What teleoperators can do. Some outstanding exploits of teleoperators to date offer examples of the key parts they can play in our conquest of space: When our unmanned Surveyor 3 spacecraft soft-landed on the moon in 1967, out went a toy-sized scoop on a lazy-tongs arm, radio-controlled from a pushbutton console on Earth. By digging tiny trenches, it showed the consistency of lunar soil firm enough for astronauts to land and walk upon, before they arrived. A picturesque Soviet teleoperator, an unmanned eight-wheel roving vehicle called Lunokhod, was soft-landed on the moon in 1970 before our Apollo crews began bringing man-driven cars along. Operated from Earth by a crew of five, Lunokhod roamed the lunar surface for 10 1/2 months with TV eyes (PS, July '71). Twice the Russians have accomplished the extraordinary feat of gathering moon samples with a core drill on an unmanned soft-lander, and bringing them back to Earth. Luna 16 did it in 1970, and Luna 20 this year.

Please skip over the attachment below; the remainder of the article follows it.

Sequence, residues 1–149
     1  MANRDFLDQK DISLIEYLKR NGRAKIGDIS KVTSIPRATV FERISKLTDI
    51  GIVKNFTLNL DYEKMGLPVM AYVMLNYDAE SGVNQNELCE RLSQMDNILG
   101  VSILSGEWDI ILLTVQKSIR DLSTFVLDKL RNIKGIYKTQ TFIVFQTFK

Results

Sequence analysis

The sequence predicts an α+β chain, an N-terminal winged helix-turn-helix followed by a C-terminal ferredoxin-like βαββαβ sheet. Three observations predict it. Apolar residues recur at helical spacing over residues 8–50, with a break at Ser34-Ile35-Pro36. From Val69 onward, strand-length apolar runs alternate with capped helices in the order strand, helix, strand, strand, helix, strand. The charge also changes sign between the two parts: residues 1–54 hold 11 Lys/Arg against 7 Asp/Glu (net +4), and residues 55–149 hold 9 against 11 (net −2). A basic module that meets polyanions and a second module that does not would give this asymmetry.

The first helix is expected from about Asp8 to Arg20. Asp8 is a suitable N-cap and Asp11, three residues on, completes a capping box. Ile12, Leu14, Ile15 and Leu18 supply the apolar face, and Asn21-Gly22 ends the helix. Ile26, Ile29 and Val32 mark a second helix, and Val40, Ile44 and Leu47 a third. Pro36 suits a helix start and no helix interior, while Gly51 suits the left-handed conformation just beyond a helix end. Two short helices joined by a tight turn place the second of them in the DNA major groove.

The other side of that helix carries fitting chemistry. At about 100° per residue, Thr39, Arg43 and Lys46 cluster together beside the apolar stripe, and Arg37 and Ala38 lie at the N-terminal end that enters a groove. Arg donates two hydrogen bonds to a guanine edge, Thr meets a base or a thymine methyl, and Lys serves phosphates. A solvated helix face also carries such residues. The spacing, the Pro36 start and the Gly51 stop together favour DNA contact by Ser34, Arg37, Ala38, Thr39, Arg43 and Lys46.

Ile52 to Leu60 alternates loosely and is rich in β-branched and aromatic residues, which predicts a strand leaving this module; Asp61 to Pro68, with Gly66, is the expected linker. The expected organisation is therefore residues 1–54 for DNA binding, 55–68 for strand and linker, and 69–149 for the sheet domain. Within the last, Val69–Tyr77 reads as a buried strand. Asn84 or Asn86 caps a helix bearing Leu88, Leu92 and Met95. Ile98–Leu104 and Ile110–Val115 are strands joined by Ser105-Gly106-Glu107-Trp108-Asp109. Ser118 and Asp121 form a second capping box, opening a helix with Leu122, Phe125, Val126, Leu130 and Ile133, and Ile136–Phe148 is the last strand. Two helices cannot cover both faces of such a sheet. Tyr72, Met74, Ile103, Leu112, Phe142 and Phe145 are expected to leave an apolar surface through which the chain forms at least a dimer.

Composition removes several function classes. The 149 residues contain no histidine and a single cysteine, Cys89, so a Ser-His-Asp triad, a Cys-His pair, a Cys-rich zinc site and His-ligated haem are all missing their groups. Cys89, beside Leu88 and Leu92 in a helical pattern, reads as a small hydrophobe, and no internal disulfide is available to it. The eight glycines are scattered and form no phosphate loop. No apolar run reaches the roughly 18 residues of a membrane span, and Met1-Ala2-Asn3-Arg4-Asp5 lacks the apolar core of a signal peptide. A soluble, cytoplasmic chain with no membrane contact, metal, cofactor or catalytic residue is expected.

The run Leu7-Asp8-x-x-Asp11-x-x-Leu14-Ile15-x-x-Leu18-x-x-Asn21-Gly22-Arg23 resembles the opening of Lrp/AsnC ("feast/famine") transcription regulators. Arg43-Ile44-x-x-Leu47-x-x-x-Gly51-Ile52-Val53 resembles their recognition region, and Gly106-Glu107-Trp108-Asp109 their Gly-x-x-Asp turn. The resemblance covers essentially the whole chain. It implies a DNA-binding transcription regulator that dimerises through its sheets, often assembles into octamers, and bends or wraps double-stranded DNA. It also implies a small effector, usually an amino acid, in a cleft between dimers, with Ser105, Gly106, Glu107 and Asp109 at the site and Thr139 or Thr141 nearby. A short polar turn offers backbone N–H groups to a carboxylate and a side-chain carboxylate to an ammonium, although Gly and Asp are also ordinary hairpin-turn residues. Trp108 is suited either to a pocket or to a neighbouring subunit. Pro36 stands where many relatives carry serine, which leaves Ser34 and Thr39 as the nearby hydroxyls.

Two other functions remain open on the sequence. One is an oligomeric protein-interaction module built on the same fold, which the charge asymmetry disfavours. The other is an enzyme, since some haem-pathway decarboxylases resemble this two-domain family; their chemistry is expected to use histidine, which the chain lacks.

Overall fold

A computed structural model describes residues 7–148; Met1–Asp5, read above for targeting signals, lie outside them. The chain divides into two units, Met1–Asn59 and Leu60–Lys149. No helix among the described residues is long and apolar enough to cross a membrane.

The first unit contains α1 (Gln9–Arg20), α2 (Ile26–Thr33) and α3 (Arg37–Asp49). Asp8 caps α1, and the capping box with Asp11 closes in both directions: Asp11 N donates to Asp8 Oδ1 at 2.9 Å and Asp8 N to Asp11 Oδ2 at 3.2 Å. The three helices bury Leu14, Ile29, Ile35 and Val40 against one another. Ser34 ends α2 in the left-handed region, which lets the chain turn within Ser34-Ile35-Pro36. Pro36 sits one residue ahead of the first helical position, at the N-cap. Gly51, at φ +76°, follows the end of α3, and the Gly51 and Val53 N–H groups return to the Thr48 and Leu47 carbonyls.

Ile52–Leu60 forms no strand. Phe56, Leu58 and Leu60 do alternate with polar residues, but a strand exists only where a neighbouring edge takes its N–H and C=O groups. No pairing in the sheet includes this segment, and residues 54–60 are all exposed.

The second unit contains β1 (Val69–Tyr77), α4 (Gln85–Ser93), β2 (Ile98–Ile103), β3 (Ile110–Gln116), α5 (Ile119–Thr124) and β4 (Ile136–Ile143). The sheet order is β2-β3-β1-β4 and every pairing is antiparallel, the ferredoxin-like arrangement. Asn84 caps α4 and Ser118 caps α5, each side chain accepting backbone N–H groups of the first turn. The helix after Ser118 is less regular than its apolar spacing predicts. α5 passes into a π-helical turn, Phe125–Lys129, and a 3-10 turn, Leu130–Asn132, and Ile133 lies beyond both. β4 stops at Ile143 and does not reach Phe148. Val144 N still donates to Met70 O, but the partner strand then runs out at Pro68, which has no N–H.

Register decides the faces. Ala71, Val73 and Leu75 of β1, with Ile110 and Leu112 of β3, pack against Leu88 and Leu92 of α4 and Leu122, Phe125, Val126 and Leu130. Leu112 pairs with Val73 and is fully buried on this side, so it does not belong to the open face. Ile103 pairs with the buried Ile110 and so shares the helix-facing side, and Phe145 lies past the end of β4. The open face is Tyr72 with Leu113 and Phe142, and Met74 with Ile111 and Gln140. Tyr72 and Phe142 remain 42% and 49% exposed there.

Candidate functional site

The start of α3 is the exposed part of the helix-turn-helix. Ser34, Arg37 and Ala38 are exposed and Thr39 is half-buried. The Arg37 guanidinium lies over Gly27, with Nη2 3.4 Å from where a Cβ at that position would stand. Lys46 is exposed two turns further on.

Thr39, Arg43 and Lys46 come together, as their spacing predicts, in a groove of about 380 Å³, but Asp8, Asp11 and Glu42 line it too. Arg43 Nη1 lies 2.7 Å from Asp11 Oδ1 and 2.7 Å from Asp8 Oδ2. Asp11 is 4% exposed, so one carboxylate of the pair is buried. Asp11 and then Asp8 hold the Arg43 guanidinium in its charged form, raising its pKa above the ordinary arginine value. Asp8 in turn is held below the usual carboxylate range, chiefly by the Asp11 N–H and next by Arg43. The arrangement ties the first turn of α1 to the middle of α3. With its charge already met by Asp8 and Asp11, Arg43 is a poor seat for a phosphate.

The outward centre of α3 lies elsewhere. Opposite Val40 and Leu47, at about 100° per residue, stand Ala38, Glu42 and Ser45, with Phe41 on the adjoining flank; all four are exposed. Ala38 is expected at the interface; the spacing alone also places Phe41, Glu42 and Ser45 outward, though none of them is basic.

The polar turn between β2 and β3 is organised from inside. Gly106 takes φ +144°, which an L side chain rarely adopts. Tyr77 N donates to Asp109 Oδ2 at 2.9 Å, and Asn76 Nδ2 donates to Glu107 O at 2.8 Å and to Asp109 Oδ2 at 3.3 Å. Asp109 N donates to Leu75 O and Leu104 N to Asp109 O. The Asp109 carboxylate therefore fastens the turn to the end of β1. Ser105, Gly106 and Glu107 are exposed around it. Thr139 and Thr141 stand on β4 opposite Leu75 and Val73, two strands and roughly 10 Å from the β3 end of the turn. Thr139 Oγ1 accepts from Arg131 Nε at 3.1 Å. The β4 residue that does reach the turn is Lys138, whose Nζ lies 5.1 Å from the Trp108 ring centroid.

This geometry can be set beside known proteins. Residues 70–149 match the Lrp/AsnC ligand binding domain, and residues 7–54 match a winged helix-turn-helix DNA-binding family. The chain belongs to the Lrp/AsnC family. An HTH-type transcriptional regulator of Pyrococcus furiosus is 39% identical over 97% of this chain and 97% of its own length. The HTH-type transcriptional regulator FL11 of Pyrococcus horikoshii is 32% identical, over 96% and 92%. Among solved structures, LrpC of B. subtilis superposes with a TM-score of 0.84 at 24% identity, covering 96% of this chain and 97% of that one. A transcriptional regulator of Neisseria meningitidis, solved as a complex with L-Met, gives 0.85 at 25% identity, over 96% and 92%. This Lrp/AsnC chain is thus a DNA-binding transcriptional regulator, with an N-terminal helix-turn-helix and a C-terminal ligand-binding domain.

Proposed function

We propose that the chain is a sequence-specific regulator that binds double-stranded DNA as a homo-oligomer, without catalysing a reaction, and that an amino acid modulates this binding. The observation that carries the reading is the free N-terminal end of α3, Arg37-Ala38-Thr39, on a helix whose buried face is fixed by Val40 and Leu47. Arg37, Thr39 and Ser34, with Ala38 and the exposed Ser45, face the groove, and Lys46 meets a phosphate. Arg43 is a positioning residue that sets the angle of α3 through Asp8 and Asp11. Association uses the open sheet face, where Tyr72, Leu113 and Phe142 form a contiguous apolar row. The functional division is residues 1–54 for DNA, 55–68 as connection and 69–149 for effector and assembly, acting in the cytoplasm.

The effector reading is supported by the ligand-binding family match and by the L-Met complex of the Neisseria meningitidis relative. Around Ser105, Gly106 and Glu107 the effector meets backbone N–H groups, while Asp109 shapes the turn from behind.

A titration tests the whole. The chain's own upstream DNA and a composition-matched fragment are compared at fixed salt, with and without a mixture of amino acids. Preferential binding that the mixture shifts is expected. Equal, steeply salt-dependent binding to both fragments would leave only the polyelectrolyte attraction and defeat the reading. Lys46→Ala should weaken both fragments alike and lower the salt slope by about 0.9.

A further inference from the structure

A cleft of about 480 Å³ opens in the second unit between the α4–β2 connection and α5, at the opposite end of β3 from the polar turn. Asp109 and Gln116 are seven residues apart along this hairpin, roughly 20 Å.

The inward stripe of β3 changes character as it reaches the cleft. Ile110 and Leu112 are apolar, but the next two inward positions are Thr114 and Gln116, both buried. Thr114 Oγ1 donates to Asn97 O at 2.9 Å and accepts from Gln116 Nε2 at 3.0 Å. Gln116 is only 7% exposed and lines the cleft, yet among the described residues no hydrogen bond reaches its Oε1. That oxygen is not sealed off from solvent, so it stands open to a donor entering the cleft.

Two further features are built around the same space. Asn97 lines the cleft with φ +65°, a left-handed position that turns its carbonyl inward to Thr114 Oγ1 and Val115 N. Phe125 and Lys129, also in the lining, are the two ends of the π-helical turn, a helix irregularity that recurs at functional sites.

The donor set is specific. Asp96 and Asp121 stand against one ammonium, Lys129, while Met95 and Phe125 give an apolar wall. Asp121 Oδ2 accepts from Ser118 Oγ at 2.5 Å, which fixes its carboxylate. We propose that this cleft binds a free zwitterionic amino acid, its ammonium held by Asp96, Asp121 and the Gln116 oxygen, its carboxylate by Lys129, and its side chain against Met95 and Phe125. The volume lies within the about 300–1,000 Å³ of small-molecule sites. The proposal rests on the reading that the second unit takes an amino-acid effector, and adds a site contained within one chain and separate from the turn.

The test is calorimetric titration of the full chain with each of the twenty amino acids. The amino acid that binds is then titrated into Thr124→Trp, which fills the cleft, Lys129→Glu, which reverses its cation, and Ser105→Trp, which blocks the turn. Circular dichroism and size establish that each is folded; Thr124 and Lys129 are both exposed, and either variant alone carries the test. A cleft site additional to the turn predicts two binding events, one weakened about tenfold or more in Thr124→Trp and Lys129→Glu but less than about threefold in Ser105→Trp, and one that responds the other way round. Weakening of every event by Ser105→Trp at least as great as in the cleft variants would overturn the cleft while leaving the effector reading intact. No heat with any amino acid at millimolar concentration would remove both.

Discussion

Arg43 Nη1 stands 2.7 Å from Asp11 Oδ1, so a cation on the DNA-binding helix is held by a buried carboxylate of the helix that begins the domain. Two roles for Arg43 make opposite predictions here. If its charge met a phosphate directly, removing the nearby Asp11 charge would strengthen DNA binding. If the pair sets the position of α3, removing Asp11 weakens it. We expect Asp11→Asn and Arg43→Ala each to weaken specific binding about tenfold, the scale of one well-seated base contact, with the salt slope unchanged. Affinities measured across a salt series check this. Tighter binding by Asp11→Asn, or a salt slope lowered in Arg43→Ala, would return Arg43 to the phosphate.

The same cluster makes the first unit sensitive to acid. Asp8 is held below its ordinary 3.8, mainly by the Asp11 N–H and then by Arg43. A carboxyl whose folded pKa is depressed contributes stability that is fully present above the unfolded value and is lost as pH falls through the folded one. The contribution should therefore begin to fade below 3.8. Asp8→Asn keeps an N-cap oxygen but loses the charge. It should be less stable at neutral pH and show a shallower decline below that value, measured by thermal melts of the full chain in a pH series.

Not all teleoperators call for remote control over such long range as the quarter-million-mile lunar distance of these examples-or the vast interplanetary distance to Mars, to operate our Viking lander that will seek signs of life on the Martian surface in 1976. Most teleoperators are actually manipulators whose mechanical hands duplicate the motions of an operator's hands, at comparatively close range. More than 3000 manipulator arms have been built in the U.S. since 1948, most of them to handle radioactive objects safely in atomic laboratories. During a visit to the Oak Ridge National Laboratory, I had an opportunity to marvel at the dexterity of such a cable-operated manipulator system. Working with both hands, I learned within about 10 minutes to open a matchbox placed behind a thick glass window, remove a single wooden match, close the box again, and strike the match! These arms' mechanical control gives a remote sense of touch. Electric or radio control makes such a "force feedback" more complicated, but not impossible to provide. Beginning in 1961, manipulators to grasp submerged objects have been fitted to submarines and undersea robots. Adapting them for space has followed–and our Space Shuttle will be a showcase of their development.